Donation Joins Museum Move
When the new Frontiers
of Flight Museum (TX) opens this spring, one display will be the
forward section of a Boeing 737-200 airplane donated by Southwest
Airlines. Southwest, which makes its headquarters at Love Field,
retired aircraft N102SW in late January and airline employees have
volunteered to work in their off-time to get the section ready for
The donation comes as the 15-year-old museum prepares to move
out of its old location, a 5,500-square-foot cranny in the Love
Field terminal, to a new, $9 million, 100,000-square-foot,
stand-alone building at 6911 Lemmon Ave. at the airport. Museum
supporters are working to raise $16 million to fund programs,
services and exhibits, which will be heavily focused on educating
children about aviation. Southwest and its chairman, Herb Kelleher,
have long been financial contributors to Frontiers of Flight, said
Dan Hamilton, executive director of the museum.
"We had asked Southwest if they'd like to sponsor one of the
exhibits," Hamilton said. "Herb Kelleher came back and said
'Instead of x dollars for that, I'll give you the front end of a
real plane.' "
The donated plane
entered service March 15, 1984, for Southwest Airlines. It flew its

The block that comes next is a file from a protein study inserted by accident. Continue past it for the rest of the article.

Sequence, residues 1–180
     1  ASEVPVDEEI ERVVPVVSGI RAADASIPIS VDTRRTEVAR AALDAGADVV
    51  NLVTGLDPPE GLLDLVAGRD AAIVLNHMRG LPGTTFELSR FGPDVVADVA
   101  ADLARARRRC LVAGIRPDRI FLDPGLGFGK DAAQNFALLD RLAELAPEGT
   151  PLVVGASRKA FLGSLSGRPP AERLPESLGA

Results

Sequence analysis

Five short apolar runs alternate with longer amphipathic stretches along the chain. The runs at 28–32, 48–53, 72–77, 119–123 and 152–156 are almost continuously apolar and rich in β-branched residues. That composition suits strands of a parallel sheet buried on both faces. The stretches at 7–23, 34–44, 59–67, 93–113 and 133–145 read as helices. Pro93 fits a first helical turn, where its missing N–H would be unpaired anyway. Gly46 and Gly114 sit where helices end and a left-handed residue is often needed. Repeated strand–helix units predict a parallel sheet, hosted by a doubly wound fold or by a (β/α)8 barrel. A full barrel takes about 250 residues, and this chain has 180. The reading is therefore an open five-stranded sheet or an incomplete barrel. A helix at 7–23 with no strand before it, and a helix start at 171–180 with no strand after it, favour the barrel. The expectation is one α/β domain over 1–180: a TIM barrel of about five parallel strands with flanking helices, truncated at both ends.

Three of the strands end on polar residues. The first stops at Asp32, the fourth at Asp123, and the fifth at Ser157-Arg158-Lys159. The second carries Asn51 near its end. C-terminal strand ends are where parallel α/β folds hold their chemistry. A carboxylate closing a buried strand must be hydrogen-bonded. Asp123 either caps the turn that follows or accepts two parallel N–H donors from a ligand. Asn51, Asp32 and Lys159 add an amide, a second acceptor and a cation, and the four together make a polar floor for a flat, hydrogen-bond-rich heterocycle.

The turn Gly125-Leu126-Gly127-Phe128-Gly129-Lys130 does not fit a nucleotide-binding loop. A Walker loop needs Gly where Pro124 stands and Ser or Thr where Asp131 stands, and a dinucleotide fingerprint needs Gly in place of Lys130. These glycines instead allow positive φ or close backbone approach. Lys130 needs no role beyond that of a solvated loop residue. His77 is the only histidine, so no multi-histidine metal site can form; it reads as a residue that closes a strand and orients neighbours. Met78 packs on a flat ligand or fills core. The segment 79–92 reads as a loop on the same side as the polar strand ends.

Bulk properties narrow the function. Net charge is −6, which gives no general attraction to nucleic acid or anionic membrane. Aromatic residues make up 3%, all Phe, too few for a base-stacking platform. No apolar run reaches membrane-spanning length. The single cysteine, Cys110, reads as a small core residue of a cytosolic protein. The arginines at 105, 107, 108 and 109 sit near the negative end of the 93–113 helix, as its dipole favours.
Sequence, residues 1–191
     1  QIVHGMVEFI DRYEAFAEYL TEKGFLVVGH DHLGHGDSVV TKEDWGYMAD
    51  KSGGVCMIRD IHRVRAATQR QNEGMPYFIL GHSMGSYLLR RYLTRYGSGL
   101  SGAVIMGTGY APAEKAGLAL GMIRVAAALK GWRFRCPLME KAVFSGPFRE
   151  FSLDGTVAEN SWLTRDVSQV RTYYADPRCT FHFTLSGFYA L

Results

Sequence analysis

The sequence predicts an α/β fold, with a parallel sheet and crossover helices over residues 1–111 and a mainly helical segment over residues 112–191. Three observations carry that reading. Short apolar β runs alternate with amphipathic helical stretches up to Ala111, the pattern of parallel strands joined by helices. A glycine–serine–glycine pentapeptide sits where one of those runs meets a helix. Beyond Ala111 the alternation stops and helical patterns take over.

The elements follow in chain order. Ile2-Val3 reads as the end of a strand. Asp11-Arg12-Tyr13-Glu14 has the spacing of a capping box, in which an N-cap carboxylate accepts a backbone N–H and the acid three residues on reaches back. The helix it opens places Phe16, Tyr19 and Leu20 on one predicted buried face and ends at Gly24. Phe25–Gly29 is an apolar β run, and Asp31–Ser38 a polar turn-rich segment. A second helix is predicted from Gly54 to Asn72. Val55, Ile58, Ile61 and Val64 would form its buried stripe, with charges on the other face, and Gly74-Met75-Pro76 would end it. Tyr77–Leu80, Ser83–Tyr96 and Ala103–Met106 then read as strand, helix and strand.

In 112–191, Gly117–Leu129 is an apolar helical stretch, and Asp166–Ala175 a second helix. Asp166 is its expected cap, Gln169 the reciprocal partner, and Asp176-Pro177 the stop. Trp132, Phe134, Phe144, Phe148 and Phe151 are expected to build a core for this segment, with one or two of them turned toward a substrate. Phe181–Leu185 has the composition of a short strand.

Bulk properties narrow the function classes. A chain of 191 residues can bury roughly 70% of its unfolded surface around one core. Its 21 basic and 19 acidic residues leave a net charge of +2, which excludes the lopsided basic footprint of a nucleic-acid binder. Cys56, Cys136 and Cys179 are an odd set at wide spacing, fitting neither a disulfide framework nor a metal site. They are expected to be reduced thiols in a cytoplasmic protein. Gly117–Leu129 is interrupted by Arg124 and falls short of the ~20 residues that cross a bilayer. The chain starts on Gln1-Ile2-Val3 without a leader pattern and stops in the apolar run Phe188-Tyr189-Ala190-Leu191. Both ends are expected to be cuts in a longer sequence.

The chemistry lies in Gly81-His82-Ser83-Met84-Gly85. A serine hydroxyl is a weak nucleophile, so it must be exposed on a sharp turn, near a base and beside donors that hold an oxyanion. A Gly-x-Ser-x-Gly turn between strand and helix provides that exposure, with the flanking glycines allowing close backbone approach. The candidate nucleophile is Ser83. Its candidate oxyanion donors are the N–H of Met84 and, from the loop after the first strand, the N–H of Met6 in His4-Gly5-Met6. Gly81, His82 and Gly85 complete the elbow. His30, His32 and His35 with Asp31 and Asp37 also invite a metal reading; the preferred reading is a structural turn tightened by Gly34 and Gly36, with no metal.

last three flights on Jan. 23 from Southwest's original three
cities: Dallas to San Antonio, San Antonio to Houston, and Houston
to Dallas, making its final landing at Love Field at 5:26 p.m.
Capt. Milt Painter and first officer Eric Murer piloted the plane,
according to Todd Painter, an airline spokesman.
The plane was retired because it had served its useful life, he
said. Typically Southwest removes useable components, as well as
the engine, then sells the retired jet, worth about $150,000, to a
company that scraps the aluminum fuselage. Any re-usable parts,
such as the flaps, rudder and parts of the wings called ailerons,
are sold and returned to service, with the scrapping company
sharing a portion of those profits with Southwest.
For this plane, Southwest has hired Washington-based repair and
overhaul company Aero Controls Inc. to cut the nose from the
fuselage. Aero Controls began the process Feb. 13 in a former
Dalfort Aerospace L.P. hangar at Love Field.
"They have a team of
five or six carpenters, bubble wrappers and mechanics," said Gary
Bjarke, manager of maintenance contracts for Southwest. "They'll
use a sort of chain saw to cut off the nose. We'll cut it a little
long and then pretty it up for the museum." Bjarke and Mike
Patterson, Southwest's head of maintenance control field
technicians, are managing the project.
"Everything else that's being done to prepare this cockpit --
and it will include the galley and lavatory -- is going to be
handled by our employees, our mechanics," Painter said. "It's a
great way to give back to the community and have a presence at the
Completion, which will take about six weeks, is being done in a
Southwest maintenance hangar at Love Field. The museum's grand
opening is set for May 21, Hamilton said. The cockpit, galley and
lavatory will be the centerpiece of a 20,000-square-foot learning
center illustrating aviation careers, said Painter.